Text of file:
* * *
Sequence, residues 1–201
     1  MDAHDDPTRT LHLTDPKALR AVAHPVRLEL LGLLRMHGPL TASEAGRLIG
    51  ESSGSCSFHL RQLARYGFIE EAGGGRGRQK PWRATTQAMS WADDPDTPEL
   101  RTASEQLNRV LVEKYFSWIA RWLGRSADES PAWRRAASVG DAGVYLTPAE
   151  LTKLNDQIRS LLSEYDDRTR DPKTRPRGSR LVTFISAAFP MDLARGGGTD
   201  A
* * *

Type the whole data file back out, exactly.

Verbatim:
Sequence, residues 1–201
     1  MDAHDDPTRT LHLTDPKALR AVAHPVRLEL LGLLRMHGPL TASEAGRLIG
    51  ESSGSCSFHL RQLARYGFIE EAGGGRGRQK PWRATTQAMS WADDPDTPEL
   101  RTASEQLNRV LVEKYFSWIA RWLGRSADES PAWRRAASVG DAGVYLTPAE
   151  LTKLNDQIRS LLSEYDDRTR DPKTRPRGSR LVTFISAAFP MDLARGGGTD
   201  A